November 30, 2022

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Oil prices softened as a proposed price cap eased supply concerns

Oil prices softened as a proposed price cap eased supply concerns

  • The G7 price ceiling on Russian oil could be higher than the current trading level
  • Gasoline inventory data from the Energy Information Administration (EIA) shows a higher-than-expected build
  • Tightening of COVID-19 controls in China

(Reuters) – Benchmark Brent crude fell on Thursday while West Texas Intermediate (WTI) crude settled, soaring within sight of a two-month low as a proposed G7 ceiling level for Russian oil prices raised doubts about how that might play out. Too much would limit supply.

The larger-than-expected rise in US gasoline inventories and the expansion of the coronavirus outbreak in China also added downward pressure on crude oil prices.

Brent crude futures were down 29 cents, or 0.3%, at $85.12 a barrel by 15.15 PM ET (2015 GMT), while WTI futures were up 2 cents, at $77.96.

Trading volumes were thin due to the Thanksgiving holiday in the US.

Both benchmarks fell more than 3% on Wednesday on news that the planned price ceiling for Russian oil could be higher than the current market level.

European Union governments have remained divided over the level of a cap on Russian oil prices to rein in Moscow’s ability to pay for its war in Ukraine without shocking global oil supplies, with more talks possible on Friday if the positions converge. Read more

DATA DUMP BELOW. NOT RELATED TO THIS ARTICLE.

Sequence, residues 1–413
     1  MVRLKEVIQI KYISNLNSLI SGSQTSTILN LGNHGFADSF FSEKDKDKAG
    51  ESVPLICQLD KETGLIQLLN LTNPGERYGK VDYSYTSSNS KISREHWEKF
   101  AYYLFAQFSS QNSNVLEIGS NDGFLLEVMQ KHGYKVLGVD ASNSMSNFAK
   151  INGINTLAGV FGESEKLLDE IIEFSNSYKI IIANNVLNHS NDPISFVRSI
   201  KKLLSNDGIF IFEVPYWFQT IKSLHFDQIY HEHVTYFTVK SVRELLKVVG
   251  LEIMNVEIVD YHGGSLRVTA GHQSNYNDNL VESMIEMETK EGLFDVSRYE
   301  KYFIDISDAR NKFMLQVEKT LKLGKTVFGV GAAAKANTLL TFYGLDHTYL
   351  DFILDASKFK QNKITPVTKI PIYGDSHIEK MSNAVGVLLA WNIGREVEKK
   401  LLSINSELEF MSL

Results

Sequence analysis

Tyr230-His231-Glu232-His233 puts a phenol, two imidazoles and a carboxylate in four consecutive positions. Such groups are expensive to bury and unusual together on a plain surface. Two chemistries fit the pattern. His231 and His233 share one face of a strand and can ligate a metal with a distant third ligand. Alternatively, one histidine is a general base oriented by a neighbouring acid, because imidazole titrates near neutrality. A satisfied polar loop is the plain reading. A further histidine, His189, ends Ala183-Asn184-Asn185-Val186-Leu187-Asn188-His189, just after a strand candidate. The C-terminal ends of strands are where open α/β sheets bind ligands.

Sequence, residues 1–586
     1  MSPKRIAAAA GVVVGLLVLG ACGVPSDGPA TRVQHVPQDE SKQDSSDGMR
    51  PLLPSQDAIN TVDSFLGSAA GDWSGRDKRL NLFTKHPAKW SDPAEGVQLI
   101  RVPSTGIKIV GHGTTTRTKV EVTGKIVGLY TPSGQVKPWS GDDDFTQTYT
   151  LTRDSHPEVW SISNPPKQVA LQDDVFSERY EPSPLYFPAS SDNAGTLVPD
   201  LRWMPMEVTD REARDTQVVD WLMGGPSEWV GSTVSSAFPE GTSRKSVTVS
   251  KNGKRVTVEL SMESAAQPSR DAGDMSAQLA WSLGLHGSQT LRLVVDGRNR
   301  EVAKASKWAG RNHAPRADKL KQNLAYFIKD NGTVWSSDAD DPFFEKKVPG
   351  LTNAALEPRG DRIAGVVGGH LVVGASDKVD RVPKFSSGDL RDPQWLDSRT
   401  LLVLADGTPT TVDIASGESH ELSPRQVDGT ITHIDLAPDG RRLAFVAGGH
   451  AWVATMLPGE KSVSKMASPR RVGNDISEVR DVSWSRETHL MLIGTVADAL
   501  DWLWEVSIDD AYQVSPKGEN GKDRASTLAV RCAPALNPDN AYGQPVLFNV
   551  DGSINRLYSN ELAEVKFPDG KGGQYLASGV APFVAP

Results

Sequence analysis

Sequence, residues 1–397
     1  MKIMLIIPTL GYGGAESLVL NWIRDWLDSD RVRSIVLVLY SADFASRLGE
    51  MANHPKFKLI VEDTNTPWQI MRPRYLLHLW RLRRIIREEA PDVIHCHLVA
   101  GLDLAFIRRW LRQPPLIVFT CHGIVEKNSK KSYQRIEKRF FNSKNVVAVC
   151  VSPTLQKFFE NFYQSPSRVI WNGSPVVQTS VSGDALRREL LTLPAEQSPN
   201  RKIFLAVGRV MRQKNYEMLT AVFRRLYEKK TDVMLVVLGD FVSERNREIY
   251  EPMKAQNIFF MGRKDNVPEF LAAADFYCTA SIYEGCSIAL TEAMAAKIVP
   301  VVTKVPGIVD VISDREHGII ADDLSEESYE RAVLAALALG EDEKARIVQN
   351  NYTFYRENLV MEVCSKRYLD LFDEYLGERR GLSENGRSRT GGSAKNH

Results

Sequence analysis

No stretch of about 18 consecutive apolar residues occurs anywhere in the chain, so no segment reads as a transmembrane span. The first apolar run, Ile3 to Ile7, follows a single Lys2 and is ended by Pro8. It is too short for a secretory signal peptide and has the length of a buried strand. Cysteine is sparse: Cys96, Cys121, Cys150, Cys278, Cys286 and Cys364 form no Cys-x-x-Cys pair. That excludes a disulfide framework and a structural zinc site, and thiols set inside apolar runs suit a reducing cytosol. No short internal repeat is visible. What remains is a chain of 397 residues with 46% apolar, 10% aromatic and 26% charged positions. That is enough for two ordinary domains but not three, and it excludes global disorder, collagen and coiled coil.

A European official said that the Group of Seven major countries is studying a ceiling for Russian seaborne oil at 65 to 70 dollars per barrel, although the European Union governments have not yet agreed on the price.

A higher price ceiling could make it more attractive for Russia to continue selling its oil, reducing the risk of supply shortages in global oil markets.

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Two sources said some Indian refiners are paying the equivalent of a discount of between $25 and $35 per barrel of international benchmark Brent crude for Russia’s Urals. Urals is Russia’s main export ore.

“The Russian price cap is another catalyst that has helped drive prices down over the past few period,” said Bart Melek, global head of commodity market strategy at TD Securities, adding that he was fairly bullish on oil despite the headwinds.

Oil prices also came under pressure after the Energy Information Administration said on Wednesday that US gasoline and distillate inventories rose significantly last week.

But crude stocks (USOILC = ECI) It fell by 3.7 million barrels to 431.7 million barrels in the week ending November 18, compared to expectations for a decline of 1.1 million barrels in a Reuters poll of analysts.

China on Wednesday reported the highest number of daily COVID-19 cases since the start of the epidemic nearly three years ago. Local authorities have tightened controls to stem the outbreak, adding to investor concerns about the economy and fuel demand.

Narrated by Ahmed Ghaddar. Additional reporting by Nia Williams in British Columbia, Ahmed Ghaddar in London, Yuka Obayashi in Tokyo, and Muyu Show in Singapore. Editing by Margarita Choi, Mark Potter, and Daniel Wallis

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